All three stories are quick reads, perfect for those times when you're alone at night waiting for a bus or train that's running late.

It's always made me wonder wh
This contains three separate reviews : 1 ) The Strange Case of Dr. Jekyll and Mr. Hyde, 2) The Body Snatcher and 3) Olalla

1) The Strange Case of Dr. Jekyll and Mr. Hyde


Jekyll/Hyde is such a part of modern pop culture, it even managed to work its way into an episode of CBBC's Arthur as a song (see Exhibit A above)- does anyone else remember this??!!

So many people have heard of the 'Jekyll and Hyde personality' but so few have read the 70ish pages that actually constitute to the original st
Inderjit Sanghera
Jun 24, 2012 rated it really liked it
Nabokov once described 'The Strange Case of Dr. Jekyll and Mr. Hyde' as having an almost winey quality to it and I think that sums up the unique atmosphere Stevenson is able to conjure up really well; the book transcends the conventionialties of the Gothic genre which inspired it to become something far grater and grander, as it becomes a kind of treatise on the duality of good and evil in people. Dr Jekyll's experiments lead to him concocting a drug which creates an inverse of his supposedly be ...more
May 15, 2013 rated it really liked it
I wonder if this story had any influence on Carl Jung’s shadow theory—that we each have a shadow self to embody our negative traits, as Henry Jekyll quite literally does with his alter-ego, Edward Hyde.

Stevenson had surely studied Descartes’ philosophy. René Descartes (and his theory of mind/body duality) has an awful lot to answer for. Our whole Western world view tends towards dividing the world into two camps: us & them, man & nature, church & state, those for us & those against us. And life
Paul Haspel
Oct 31, 2017 rated it it was amazing
Shelves: halloween
The strange thing about the Jekyll-and-Hyde story, for me, is how familiar it all feels. Even before one first takes up a copy of Dr. Jekyll and Mr. Hyde (1886) and begins reading, it is as if one is reading one’s own story. There is, after all, good and bad within all of us – a fact of which this great novella provides a powerful and disturbing reminder.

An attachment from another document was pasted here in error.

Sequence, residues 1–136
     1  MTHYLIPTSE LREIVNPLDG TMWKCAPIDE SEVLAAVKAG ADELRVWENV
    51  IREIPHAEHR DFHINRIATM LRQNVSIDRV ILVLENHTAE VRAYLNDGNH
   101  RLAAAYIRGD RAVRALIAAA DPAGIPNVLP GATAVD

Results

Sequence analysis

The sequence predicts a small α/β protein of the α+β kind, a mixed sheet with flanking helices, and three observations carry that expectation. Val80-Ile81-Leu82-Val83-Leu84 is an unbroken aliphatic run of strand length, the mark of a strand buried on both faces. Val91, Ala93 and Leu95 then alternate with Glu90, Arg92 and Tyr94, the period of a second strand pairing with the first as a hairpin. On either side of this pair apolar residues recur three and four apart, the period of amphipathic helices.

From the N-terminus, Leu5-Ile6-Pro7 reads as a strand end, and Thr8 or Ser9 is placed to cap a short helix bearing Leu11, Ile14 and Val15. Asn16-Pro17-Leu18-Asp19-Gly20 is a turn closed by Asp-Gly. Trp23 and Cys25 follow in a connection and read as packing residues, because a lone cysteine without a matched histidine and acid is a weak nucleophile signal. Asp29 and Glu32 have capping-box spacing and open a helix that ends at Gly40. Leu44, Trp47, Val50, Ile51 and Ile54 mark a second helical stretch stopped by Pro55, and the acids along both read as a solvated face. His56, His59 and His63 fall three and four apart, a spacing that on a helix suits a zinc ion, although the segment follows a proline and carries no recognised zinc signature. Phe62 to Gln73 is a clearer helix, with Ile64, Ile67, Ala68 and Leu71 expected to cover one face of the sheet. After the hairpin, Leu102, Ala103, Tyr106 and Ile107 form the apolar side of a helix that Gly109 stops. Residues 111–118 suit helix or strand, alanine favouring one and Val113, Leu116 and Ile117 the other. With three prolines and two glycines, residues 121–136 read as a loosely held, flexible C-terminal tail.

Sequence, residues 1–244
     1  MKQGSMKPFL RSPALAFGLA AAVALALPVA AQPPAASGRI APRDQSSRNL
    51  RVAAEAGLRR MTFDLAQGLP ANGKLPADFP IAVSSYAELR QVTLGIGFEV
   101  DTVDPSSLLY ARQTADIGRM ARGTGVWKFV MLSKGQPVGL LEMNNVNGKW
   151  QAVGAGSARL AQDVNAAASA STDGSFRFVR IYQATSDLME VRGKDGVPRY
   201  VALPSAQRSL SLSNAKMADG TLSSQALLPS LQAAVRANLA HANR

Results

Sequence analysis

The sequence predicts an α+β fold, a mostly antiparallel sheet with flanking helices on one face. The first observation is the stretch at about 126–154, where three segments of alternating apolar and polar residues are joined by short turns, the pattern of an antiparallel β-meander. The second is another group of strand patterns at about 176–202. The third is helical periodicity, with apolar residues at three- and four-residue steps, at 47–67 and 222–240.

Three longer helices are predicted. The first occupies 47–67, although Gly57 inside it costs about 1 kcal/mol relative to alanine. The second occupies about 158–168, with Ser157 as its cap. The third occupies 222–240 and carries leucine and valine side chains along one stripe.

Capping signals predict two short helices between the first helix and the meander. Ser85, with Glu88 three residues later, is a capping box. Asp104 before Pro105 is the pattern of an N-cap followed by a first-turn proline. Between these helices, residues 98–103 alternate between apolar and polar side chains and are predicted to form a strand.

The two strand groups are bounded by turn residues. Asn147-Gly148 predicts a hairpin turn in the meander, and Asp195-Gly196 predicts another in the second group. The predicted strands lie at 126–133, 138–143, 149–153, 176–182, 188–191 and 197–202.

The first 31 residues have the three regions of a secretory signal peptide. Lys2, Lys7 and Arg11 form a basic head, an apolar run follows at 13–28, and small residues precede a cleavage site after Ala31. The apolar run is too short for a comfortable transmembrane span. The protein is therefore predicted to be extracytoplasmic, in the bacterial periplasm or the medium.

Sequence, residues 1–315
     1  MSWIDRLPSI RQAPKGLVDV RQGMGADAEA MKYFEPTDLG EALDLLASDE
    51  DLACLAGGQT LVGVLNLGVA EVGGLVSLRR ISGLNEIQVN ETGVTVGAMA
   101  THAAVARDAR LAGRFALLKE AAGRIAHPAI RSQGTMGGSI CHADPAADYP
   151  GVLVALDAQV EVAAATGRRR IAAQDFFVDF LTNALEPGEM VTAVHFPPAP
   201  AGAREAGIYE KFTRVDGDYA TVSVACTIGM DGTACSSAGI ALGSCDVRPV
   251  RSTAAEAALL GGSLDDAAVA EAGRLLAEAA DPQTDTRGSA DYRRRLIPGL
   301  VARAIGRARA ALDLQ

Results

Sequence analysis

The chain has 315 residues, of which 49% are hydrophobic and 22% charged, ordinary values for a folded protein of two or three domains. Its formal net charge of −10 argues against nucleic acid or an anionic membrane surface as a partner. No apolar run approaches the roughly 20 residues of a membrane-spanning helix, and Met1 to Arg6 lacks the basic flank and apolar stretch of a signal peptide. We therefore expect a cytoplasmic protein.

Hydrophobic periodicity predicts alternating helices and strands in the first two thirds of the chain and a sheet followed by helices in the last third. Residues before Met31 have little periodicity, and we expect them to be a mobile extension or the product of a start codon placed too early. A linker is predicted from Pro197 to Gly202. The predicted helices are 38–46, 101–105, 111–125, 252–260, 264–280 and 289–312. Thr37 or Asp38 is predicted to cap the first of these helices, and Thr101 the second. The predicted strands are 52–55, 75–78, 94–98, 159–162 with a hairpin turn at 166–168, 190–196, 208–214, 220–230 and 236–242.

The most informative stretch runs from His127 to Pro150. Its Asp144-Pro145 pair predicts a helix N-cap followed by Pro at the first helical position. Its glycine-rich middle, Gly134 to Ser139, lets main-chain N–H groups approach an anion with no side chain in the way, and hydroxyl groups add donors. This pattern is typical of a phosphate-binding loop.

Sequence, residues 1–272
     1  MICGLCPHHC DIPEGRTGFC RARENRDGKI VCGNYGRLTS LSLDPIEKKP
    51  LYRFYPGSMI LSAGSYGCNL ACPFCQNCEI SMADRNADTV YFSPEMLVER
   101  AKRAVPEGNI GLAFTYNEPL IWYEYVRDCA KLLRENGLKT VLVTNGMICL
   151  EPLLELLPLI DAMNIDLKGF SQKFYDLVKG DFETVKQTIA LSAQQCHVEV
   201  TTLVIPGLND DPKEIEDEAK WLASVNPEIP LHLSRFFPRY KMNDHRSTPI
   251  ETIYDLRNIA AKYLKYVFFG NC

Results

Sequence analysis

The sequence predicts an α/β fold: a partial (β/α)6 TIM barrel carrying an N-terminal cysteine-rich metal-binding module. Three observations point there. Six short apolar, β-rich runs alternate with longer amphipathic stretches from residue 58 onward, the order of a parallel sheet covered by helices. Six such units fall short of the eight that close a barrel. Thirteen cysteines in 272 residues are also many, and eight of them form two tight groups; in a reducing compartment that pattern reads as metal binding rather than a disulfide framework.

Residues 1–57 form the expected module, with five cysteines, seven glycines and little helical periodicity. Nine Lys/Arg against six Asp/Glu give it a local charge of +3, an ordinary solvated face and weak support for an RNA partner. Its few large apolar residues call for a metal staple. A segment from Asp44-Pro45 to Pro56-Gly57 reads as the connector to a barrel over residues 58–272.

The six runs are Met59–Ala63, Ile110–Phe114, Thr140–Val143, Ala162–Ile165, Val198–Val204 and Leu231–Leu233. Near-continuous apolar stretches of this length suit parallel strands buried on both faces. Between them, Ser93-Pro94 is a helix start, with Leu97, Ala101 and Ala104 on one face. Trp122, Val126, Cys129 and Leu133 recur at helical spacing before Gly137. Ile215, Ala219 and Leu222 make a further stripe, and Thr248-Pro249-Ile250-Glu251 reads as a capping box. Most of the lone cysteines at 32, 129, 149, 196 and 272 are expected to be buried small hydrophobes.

The Strange Case of Dr. Jekyll and Mr. Hyde (the full name of the story) is not the only thing that the Scottish-born Robert Louis Stevenson ev
Ashley Marie
2019, reread: The audio narration I found on Hoopla lasted around 2-1/2 hours - a nice way to get through the morning. The story is certainly more "tell" than "show", but Stevenson still manages to get inside your head with it. Perhaps I'll spend the afternoon with Poe.

I should mention that reading this after McGinnis's HEROINE made it that much more harrowing - particularly Jekyll's end revelation that what made his concoction work was a certain unknown impurity in his drugs. /shudders

2017, fir
This was a rapid read for me (it took me less than an hour to complete) and it was rather funny and enjoyable.

*Note: I only read the first portion of this book (The Strange Case...)
Nandakishore Varma
Oct 14, 2011 rated it liked it
I didn't enjoy the story much when I originally read it as a teen, as I was expecting a horror story - which it was not. Maybe time for a re-read.
Apr 11, 2015 rated it it was ok
it's interesting how in the book Hyde is dwarfish because he reflects Jekyll's undeveloped wickedness but they always make him big & scary in the movies.

I don't like this book as much as I feel I should, being a horror fan girl and all. sorry!